How to get early engagement in your Slack community

Getting your community off the ground can seem like a mountain of work, but if you take it one step at a time it’s not so bad!

You’ve gotten past the first step in starting your bustling Slack community… you’ve created it and you have a few members that are relatively active and a few more who are less active. You might be considering laying back, watching it grow, taking the hands off approach. But, this is a slippery slope and and an easy way to lose all the traction you managed to gain early on.

It is imperative that you actively engage with your early members and create value for them. That’s why people will come back, bring their friends and spark the growth you’re looking for. The best way to do this is to set up a ‘welcome bot’ with Zapier that welcomes all your new members to the group. You can customize your message to include community guidelines, and encourage them to introduce themselves or simply welcome them to group.

Here are the two most popular welcome bots:
Send a New Slack Member a Message and
Welcome new Slack users in #general

They are highly effective. We don’t recommend launching without them.

One of the coolest things about Slack is how customizable it is. There are bots and integrations for almost everything you can think of (and if you can’t find what you need, we can help you build it!)

Spark early engagement with powerful integrations:

Donut — Donut will introduce your group members to each other (in a DM or channel you specify) and give them a ‘buddy’ in the community to stay in touch with. Think of Donut as the ultimate Slack icebreaker.

Notion — Let your members see the content you’re creating, and encourage them to collaborate — great if you’re writing a guide, book or course, or have premium articles you want to share with your community.

Twitter — Twitter’s Slack integration is a great way to seed your community with relevant content. You can hook it up to your own Twitter account or some of your favorites. Often times the tweets will start conversations among your members!

PaperBot — You and your community members will be posting links and relevant articles all the time. PaperBot will help you keep track of those links and send you a curated list of the content that’s being shared and engaged with in your group.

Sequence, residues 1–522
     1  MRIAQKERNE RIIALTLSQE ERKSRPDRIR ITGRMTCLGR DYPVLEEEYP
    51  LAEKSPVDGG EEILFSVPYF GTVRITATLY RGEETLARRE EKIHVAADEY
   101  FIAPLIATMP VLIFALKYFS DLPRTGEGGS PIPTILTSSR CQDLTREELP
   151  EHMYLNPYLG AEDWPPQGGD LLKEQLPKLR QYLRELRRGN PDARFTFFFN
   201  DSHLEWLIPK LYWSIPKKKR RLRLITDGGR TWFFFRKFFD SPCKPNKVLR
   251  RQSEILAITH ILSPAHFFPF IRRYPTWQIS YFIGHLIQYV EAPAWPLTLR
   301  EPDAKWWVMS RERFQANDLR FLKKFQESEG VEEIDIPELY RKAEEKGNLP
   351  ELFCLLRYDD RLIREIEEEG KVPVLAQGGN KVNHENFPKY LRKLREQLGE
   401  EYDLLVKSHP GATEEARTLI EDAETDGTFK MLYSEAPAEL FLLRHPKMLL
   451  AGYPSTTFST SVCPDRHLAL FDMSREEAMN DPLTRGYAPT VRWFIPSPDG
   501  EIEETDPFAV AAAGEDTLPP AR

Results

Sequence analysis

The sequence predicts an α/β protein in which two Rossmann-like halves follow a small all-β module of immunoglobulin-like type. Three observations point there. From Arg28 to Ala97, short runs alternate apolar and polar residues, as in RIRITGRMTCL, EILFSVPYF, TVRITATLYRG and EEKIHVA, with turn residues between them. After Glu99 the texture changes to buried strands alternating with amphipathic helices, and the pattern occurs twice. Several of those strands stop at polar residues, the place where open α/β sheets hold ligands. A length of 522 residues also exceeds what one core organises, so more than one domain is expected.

Google Hangouts / Skype — Set up a weekly or monthly time for your community members to meet up and chat with each other live on Google Hangouts. The integration is seamless and will drop a link directly into your Slack group!

SendInBlue — Carsten Pleiser of Founders &Creators uses SendInBlue to send a welcome email 1 day after a user joins his Slack group to inform them about different channels (with a direct link to access the relevant channel) and further memberships benefits. He finds this, combined with Typeform and a custom direct message (possible through Zapier) as soon as the user joins gives great early engagement.

A few other tips:

Seed your community with users — give some friends, colleagues and experts who are in your space free invites to join your community as soon as it’s off the ground. You can even give free (or discounted) access to your first 10 (or 20, or 100) members before switching your group to a paid membership. These early users will go far in creating an engaging space early on.

Schedule AMAs — You can do these yourself or bring in VIPs and experts in your space. Communities love the ability to interact and get answers to their questions. Having them at scheduled times is important for creating stickiness, and letting members know when they should be around!

Engage your users directly — ask your community members questions directly. “What are you working on?” “What would you like to learn?” and “What can we do better as a community?” are all really great questions to get conversations rolling, both with individuals and your community at large.

Want to learn more, and get started on your path toward a profitable Slack? Check us out at LaunchPass !